How Open Science Technology Informs Equitable Climate Action
Holistic climate change policy and environmental justice efforts have to be based on science, which is why it's important that everyone have access to it. Like how "open source" computer code is available for everyone's use, open science is all about making sure everyone has the opportunity to offer input, and then making sure everyone has access to the output, making data accessible to all, and inclusive of all.
Open science is paving the way for a community's deep knowledge of local issues to be incorporated with traditional scientific data collection, and for that "ivory tower" data to, in turn, be made accessible to the community. These spaces offer immeasurable insight into the priorities, partnerships, and struggles that will ultimately shape future local, state, and federal climate work.
By investing in and promoting opportunities for open science alignment within the scientific process, climate action and policy can shrink the gap between what communities and policymakers need, and what science is available.
What does that look like? One example is Project OWL, which provides basic Organization, Whereabouts and Logistics systems to coordinate disaster response. Given that climate-related disasters have increased 83% in the past 20 years, major floods have more than doubled, the number of severe storms has risen 40%, and there have been major increases in droughts, wildfires, and heatwaves, OWL can be used in disaster areas to quickly reestablish connectivity and improve communication between first responders and civilians in need. This example of an open source system can support efforts around the world to provide communications where infrastructure is destroyed or nonexistent.
Another disaster-born example of the value of free data is Kathmandu Living Labs. After earthquakes devastated areas of Nepal in 2015, a network of 8,000 local and international OpenStreetMap community members worked together to create a detailed map of affected areas, which first responders used for planning and mobilizing their resources at a scale that would not have been possible without local mapping and open data sets. Now, Kathmandu Living Labs continues to support projects using open mapping to damage assessment, relief distribution tracking, and reconstruction monitoring.
It's not just about the code though! Open hardware (the actual physical devices) can also be a mechanism to both increase public participation in science and to directly connect the value of science to our daily lives. However, this means a shift in how science has traditionally been prioritized -- top down through government and research institutions. By making science and data collection more accessible, that power dynamic of top-down gets flipped, as citizens and community groups can collect and analyze their own data.
Public Lab is an open source community-science driven network that creates open hardware for exploration, from aerial mapping rigs to community microscope kits, to help people think differently about science as a tool in their organizing work. One project that many organizations have supported is local air pollution monitoring, in which residents use various tools to sample pollution, building this open data into reports, analysis, and policy proposals. MapMill is the Public Lab tool for sorting imagery produced with balloon mapping, which has been updated for further disaster relief monitoring. The time it would take for everyone to build their own version of the same model can now be used to expand the existing models. More recently, in the aftermath of Hurricane Ida, Healthy Gulf launched an Ida Lookout, open-data project to help identify flooded oil and gas facilities and oil spills using community-driven inputs. This will be used to hold corporations accountable and inform strategy in organizing moving forward.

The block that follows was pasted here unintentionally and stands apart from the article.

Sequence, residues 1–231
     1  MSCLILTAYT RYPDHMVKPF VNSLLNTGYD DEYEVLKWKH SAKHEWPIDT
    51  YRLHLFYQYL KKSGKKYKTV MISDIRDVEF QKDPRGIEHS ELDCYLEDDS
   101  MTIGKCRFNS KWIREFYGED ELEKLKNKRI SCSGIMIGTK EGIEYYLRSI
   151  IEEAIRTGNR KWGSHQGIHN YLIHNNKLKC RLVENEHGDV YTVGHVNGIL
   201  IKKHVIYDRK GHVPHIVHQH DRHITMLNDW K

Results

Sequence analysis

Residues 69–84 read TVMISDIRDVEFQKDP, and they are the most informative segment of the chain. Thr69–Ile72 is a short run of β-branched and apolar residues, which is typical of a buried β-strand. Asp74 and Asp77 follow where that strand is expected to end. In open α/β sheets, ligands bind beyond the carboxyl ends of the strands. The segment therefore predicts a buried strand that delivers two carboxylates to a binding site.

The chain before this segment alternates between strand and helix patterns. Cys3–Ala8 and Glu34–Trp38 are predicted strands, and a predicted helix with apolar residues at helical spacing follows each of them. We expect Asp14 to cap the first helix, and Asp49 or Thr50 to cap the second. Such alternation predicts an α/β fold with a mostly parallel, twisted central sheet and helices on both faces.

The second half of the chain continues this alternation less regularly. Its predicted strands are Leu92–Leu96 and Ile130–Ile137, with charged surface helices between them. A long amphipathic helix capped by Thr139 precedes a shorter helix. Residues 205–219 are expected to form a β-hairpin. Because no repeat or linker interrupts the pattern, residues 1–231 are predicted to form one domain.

The third pillar of open science is making it fully democratized, and involving everyone who's interested to get involved: citizen science. It provides a way to engage all parts of society in gaining a deeper understanding of human environments, build an informed population that can advocate successfully for environmental protection, and more effectively protect human health and the environment. Widely recognized across federal agencies
✎ EditSign, citizen science broadens environmental protection by working across boundaries that can separate policy makers, scientists and members of the public,
At the Audubon Society, community science programs rely on volunteers to track shifting bird populations due to climate change, with tens of thousands of birders sharing data. The decentralized data collection system helps support science-driven policy recommendations, providing an ongoing assessment of bird populations that supports ongoing conservation projects and policy.
Open data and open source technology has immense promise for building solutions in the face of ongoing climate threats. Whether in emergency management, supporting local environmental organizing efforts, or supporting conservation efforts, democratizing access to data can shape our understandings of science and society. By investing in and promoting opportunities for open science within our society, climate action and policy can be driven and advanced by resilient, grassroots initiatives.